Mr. Chair and members of the committee, thank you for the opportunity to appear before you today. My name is John Wells. I’m an attorney here in Louisiana. I’m also an allied attorney with Alliance Defense Fund. The Alliance Defense Fund is an organization of constitutional lawyers who do a lot of the type of litigation cases that are potentially being talked about here today. I should tell you that the Alliance Defense Fund is monitoring the situation. We are of the belief that paragraph 4.d, as it is written, actually probably would not pass constitutional muster because the situation’s actually dampening free expression. That the regulations without paragraph 4.d would be fine. . . .
The rules as they appear without 4.d , this first sentence before 4.d appear to give adequate guidance and pass constitutional muster. Now, the Alliance Defense Fund, of course, you know, does provide pro bono services in the event of litigation. So, for example, in some cases, where entities are sued over religious issues, we would provide a defense. . . .
[W]e feel that . . . the first sentence of 4.d would not pass constitutional muster. We would urge you to delete it. . . .
The second issue, probably just as important, is that, as I think the chairman mentioned, Senator Nevers here passed an, an act [the LSEA] that grants certain powers to this organization. [A]s an attorney, I’m familiar with what’s called the ‘delegation doctrine.’ The legislature passes the laws, OK? And an administrative body such as yourself enforce and implement those laws. And if you have a situation where you are putting in a regulation that is not authorized by the law, that in itself could lead to litigation. And that in itself could make the regulations illegal, as well as potentially unconstitutional. . . .
Did you get that, folks? Wells told BESE members that if they left the prohibition against teaching creationism in the draft, they could be sued. Now, let’s stop and think for a moment about what Wells’ comments imply. Who would be interested in suing a state board of education for issuing a prohibition against teaching creationism — a completely legitimate prohibition that is mandated by a host of federal court decisions, including two U.S. Supreme Court rulings? (See here and here.) You got it — the Alliance Defense Fund.
Wells was telling board members, in his oh-so-deferential-to-BESE way, two things: (1) If they left D.4.d in, the policy could be considered unconstitutional and they could be sued for “dampening” someone’s free expression. Whose free expression would supposedly be “dampened” if the prohibition against teaching creationism stayed in the draft? That’s right — teachers who want to express themselves by teaching creationism in public schools. So, by leaving D.4.d in the policy draft, not only could (make that would) BESE be sued, but the ADF would do the suing. (2) If, on the other hand, BESE took D.4.d. out as the LFF wanted and someone else sued BESE (apparently under the assumption that pro-science people would sue), the ADF would then consider providing pro bono legal defense to BESE. Wells’ comments were not made off-the-cuff. He had clearly entered the meeting prepared with what can reasonably be considered the threat of a lawsuit against the state of Louisiana.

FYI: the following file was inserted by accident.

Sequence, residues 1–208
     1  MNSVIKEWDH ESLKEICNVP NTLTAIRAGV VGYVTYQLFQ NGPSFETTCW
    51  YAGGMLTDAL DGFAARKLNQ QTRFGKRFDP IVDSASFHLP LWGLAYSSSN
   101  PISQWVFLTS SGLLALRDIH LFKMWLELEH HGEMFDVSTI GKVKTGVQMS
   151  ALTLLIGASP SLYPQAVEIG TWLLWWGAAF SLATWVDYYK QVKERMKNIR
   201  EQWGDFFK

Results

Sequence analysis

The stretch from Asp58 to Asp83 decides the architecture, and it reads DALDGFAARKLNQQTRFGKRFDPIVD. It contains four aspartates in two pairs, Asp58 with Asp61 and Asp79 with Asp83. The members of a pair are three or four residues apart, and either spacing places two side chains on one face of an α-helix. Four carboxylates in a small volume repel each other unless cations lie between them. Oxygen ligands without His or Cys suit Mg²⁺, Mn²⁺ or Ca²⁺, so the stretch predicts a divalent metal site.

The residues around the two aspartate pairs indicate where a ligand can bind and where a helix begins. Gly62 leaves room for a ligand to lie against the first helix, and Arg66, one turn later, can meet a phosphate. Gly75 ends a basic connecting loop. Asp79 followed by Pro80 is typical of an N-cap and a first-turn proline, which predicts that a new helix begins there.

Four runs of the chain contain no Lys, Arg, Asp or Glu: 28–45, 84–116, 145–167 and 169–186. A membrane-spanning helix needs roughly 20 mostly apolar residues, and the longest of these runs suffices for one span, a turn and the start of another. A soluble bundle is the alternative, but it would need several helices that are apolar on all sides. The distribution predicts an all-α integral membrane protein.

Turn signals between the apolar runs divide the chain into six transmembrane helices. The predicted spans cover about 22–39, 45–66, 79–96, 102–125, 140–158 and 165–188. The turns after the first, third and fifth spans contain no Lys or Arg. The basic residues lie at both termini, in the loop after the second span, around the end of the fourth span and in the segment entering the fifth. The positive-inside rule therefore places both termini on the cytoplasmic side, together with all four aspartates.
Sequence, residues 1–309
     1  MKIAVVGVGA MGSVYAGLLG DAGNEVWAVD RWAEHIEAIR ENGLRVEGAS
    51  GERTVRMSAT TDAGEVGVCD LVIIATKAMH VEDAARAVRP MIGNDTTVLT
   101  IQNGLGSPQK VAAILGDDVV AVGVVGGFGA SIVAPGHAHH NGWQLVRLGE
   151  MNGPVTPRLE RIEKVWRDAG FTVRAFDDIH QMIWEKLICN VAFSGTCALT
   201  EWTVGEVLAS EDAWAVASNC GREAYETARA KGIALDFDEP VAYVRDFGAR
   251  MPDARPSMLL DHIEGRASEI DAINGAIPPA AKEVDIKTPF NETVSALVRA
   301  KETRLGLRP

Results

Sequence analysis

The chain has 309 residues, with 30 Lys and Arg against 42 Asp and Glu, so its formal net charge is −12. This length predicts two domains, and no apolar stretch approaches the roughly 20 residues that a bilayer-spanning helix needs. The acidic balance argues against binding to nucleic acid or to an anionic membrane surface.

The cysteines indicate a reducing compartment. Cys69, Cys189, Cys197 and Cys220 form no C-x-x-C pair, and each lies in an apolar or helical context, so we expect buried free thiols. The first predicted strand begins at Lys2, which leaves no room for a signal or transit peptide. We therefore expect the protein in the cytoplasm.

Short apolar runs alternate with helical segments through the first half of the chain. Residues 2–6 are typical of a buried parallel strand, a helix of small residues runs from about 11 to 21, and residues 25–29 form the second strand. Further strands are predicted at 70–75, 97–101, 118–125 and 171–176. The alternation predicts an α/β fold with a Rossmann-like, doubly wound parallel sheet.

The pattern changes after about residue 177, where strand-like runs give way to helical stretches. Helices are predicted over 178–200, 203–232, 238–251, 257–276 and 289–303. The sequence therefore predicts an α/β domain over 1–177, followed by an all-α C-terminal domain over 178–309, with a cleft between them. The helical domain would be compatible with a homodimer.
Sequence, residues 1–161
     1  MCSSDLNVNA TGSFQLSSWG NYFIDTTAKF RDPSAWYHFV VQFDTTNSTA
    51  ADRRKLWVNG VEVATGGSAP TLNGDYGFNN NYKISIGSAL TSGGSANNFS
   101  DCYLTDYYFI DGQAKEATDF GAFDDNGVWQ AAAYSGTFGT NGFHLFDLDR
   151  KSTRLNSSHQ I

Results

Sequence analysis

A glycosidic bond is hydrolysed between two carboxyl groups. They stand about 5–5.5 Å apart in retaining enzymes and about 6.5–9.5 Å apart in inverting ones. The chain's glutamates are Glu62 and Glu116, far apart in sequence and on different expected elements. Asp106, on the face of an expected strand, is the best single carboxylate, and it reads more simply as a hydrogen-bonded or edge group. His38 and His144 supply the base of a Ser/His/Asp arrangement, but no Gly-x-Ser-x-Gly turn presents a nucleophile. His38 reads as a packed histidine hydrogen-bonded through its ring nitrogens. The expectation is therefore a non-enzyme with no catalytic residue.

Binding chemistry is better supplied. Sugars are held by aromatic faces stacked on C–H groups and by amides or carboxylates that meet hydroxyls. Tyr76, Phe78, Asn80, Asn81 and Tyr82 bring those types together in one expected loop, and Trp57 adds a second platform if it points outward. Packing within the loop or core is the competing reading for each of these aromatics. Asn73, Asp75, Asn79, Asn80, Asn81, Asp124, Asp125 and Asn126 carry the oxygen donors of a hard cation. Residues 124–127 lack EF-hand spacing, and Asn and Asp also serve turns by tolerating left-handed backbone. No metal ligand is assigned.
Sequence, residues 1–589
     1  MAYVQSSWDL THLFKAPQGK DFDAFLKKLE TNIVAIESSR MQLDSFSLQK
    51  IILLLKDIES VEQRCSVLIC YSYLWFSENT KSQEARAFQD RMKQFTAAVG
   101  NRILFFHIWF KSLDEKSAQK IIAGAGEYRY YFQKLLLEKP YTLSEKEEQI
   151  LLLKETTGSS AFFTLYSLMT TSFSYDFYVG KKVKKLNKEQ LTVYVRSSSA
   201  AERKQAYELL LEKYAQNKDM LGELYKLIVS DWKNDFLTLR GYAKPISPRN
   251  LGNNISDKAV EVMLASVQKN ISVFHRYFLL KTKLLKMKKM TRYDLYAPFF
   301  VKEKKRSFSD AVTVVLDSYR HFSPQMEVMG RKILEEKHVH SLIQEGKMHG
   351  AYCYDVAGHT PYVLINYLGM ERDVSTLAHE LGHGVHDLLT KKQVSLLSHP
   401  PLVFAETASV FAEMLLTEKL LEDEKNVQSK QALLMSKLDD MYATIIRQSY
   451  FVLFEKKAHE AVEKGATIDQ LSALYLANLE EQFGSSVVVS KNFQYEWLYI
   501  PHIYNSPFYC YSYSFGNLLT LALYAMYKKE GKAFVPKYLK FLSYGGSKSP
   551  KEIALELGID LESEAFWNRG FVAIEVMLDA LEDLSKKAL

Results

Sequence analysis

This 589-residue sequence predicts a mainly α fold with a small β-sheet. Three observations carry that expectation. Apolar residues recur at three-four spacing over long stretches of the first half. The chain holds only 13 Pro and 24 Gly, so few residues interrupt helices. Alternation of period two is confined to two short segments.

Ghetti also testified at the January 13 meeting, citing to BESE members her supposed expertise in constitutional law concerning religion. She, too, brought up the ADF, as well as a new name: Mike Johnson (J. Michael Johnson), the Shreveport attorney who has been named founding dean of the Pressler Law School (if Louisiana College can ever get it off the ground). (Aside: Among members of Pressler’s “National Board of Reference” are . . . wait for it . . . ADF CEO Alan Sears, faux historian David Barton, Left Behind co-author Tim LaHaye, Family Research Council president Tony Perkins, LFF operative Darrell White, and other such luminaries.) Prior to accepting this position, Johnson was “Senior Legal Counsel and a national media spokesman” for the ADF (see Johnson’s Pressler Law School bio [pdf]). Here is the relevant excerpt of Ghetti’s BESE testimony (Forrest transcript; “uh” deleted; bold added; probable wording in red):
My name is Michelle Ghetti, and I am a law professor at Southern University, where I’ve been now for, for nineteen years. . . . I am also an attorney, a litigator. I’m also a member of the Louisiana Law Institute and an expert on both ethics and constitutional law and religion. I’ve taught constitutional law courses now for nineteen years and have recently in the last few years taught the law and religion course. I think, to my knowledge, I was the only legal expert that testified before the legislature on this particular act. . . .
One thing I wanted to mention [indecipherable] so I don’t forget . . . Mike Johnson, who is an attorney with the Alliance Defense Fund and has represented governmental committees as well as individuals throughout this state and the Fifth Circuit [Court of Appeals] on issues such as this, has given a legal [opinion] on this particular bill, and he asked that I and . . . Mr. Wells, who’s with the ADF, to give you a copy of that to [make part of the record].
If you’ve hung in this far, persistent readers, you will now be rewarded with a copy of Johnson’s legal opinion, which was communicated in a letter [pdf] that Wells handed out to state board members — written on ADF letterhead and signed “ALLIANCE DEFENSE FUND, J. Michael Johnson, Senior Legal Counsel.” Note that Johnson refers to possible litigation in the very first paragraph: